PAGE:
NORTH TO SAN ELIA
Throughout another long month the 36th encountered difficult, uphill fighting in the mountain masses north of Cassino. The enemy, his defensive positions anchored solidly in the hills as well as covering the valley approaches, resisted vigorously any offensive movement on our part. The weather, too, reached its coldest peak during February. Noncombat casualties exceeded those of battle.
During the night of January 25, the 142nd Infantry, after being in reserve for the Rapido operation, was hurriedly switched to the San Elia sector north of Cassino. Here the French, after sweeping across rugged mountain country to the right of the Division and down into the San Elia Valley, had succeeded in making a limited crossing of the upper Rapido four miles north of Cassino. The mission of the 142nd was to widen this salient and bridgehead. At the same time elements of the 34th Division had gained a hold on a small knoll above the village of Cairo on the other side of the fordable part of the Rapido.
Enemy artillery enclosed this salient with devastating effect. From magnificent vantage points on Mt. Cairo and its lower slopes, and from white-topped heights on all sides the Germans watched our every movement and followed through with fire.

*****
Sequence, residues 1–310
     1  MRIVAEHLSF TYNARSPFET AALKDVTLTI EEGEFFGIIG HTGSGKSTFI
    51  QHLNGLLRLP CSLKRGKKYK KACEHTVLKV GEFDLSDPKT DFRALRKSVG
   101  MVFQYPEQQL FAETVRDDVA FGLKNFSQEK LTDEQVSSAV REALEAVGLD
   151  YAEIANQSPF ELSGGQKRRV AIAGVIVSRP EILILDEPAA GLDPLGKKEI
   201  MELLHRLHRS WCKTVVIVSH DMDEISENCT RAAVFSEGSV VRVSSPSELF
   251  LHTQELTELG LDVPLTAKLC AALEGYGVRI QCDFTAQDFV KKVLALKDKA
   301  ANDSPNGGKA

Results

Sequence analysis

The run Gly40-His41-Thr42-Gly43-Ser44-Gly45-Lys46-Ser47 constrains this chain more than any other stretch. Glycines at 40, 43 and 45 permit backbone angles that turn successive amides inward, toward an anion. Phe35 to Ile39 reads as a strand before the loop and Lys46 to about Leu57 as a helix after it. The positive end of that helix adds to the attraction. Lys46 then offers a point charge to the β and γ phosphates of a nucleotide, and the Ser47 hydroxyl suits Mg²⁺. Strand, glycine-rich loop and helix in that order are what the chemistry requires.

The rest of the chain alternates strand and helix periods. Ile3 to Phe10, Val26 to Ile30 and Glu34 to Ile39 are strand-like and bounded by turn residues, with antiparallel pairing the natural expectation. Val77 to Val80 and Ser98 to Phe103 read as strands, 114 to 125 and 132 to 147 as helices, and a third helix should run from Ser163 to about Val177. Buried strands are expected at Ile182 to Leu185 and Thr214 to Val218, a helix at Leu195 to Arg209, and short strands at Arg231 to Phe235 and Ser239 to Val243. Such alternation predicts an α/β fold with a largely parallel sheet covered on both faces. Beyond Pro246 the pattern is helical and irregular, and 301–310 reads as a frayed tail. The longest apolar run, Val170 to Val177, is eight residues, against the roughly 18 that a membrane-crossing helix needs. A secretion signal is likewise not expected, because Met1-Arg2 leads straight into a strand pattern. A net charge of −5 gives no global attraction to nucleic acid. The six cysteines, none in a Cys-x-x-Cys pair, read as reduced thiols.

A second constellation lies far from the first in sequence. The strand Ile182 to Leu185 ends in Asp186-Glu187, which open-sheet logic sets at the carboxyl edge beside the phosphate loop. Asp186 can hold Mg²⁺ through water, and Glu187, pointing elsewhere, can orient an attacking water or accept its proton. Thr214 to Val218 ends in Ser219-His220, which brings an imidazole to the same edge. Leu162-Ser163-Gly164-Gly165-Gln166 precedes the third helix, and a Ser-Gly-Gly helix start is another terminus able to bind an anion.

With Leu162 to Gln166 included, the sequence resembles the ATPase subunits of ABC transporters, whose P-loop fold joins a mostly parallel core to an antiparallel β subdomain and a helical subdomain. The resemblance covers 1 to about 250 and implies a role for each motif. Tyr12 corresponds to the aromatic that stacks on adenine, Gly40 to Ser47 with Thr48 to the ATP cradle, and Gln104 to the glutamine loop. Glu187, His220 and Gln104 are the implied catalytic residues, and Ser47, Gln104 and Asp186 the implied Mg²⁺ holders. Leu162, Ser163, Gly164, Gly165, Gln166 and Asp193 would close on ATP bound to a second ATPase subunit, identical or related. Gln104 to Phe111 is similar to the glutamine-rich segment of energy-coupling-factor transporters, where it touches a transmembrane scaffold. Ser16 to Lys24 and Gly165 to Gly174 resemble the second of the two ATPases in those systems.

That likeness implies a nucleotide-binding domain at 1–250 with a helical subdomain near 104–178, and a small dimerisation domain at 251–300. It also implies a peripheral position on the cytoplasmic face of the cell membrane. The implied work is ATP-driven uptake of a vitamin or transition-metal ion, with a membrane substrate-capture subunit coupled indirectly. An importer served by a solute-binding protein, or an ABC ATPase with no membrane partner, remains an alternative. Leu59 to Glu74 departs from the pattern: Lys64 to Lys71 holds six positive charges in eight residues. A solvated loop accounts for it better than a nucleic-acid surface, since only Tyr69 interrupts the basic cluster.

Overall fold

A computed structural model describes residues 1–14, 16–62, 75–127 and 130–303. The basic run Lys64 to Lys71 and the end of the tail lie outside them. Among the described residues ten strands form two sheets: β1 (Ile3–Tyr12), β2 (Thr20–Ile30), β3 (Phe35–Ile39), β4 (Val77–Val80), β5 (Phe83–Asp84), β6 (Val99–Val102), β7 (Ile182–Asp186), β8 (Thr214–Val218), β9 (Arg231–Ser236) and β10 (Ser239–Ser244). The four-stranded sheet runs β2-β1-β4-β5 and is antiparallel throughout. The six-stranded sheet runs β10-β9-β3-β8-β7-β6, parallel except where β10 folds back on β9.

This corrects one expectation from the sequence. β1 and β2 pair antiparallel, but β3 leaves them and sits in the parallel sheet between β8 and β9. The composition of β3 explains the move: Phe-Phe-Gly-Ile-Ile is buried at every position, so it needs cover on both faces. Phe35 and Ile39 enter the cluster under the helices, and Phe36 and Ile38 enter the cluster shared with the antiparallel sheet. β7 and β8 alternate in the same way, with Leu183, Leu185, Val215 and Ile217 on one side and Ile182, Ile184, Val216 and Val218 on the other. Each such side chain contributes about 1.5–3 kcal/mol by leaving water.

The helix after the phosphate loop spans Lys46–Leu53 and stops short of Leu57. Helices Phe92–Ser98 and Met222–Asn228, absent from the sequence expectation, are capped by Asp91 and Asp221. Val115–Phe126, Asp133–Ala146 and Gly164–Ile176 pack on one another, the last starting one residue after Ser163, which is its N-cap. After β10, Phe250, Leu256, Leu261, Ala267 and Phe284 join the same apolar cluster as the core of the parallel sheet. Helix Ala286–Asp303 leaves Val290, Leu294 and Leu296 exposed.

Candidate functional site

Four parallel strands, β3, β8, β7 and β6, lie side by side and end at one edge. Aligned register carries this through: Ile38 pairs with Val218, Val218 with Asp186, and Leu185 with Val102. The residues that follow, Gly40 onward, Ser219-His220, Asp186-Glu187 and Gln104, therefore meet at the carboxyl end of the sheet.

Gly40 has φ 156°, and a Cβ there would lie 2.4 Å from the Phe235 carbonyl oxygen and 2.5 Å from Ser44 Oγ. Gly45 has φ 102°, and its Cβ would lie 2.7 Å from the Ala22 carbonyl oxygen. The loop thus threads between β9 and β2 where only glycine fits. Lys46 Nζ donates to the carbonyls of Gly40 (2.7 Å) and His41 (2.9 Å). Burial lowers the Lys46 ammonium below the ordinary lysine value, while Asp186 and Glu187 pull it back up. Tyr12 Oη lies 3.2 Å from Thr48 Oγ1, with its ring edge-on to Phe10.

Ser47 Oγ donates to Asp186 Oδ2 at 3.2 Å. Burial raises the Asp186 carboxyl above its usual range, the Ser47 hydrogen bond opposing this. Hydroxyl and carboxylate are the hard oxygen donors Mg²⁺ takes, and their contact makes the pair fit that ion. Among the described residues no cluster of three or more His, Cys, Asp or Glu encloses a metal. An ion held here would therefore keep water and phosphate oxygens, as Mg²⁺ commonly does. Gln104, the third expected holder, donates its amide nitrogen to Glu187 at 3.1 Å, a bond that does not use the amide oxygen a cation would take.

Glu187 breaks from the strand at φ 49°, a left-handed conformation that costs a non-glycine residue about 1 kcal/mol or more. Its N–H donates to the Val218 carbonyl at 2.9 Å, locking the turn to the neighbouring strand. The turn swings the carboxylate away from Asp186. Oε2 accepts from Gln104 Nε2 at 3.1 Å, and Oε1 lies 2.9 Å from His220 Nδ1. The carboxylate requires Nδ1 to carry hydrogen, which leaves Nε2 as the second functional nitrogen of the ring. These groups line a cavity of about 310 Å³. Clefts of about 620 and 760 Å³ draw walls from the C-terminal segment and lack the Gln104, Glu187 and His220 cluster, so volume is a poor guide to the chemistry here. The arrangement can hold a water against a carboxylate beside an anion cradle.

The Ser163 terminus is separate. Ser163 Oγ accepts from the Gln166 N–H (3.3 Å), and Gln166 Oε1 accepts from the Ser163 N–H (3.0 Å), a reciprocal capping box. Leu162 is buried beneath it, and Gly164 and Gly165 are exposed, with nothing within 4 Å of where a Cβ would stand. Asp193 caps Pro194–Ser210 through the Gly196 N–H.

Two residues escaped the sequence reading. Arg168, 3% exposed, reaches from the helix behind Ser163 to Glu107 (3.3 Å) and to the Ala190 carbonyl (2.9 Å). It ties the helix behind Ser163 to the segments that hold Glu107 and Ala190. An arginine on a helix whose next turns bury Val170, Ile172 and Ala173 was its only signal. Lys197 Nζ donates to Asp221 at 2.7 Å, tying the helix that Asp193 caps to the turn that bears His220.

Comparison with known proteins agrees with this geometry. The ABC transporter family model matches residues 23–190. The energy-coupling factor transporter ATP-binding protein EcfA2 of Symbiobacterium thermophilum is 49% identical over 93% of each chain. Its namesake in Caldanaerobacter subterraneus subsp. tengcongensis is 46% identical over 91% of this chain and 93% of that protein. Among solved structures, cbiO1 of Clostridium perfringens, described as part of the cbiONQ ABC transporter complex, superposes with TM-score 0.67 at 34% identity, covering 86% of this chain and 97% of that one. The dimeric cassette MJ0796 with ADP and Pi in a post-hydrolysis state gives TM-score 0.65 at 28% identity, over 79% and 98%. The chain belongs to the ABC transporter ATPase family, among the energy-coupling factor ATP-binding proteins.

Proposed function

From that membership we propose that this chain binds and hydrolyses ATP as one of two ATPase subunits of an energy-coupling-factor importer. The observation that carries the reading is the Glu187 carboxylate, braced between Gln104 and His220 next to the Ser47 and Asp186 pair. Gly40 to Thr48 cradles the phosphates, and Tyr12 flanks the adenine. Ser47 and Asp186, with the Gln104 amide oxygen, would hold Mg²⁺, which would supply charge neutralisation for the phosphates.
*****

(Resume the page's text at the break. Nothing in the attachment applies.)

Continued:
The three battalions accomplished on successive nights the crossing of the Rapido at San Elia to reach assembly positions on the far side, after the first attempt by the 3rd Battalion was turned back by the intensity of enemy fire. The 3rd Battalion Commander, Major Rush S. Wells, was killed at the outset of the attack. Then the 2nd Battalion lashed out in an attack toward Terelle, a mountain town at the end of a single road winding up from the town of Cairo. German defenses were overrun in the uphill drive and an enemy aid station captured in its entirety before the advance was halted short of Terelle. Here a change in direction had been ordered. The 1st and 3rd Battalions then moved laterally across the slopes of Mt. Cairo, parallel to the main German defense line, preparatory to attacking Mt. Castellone. En route the troops learned that another unit had occupied the hill from the east without resistance. On orders to continue, the 142nd battalions moved up to take over and establish the defense of Mt. Castellone. Fresh optimism flared as a result of these real gains.
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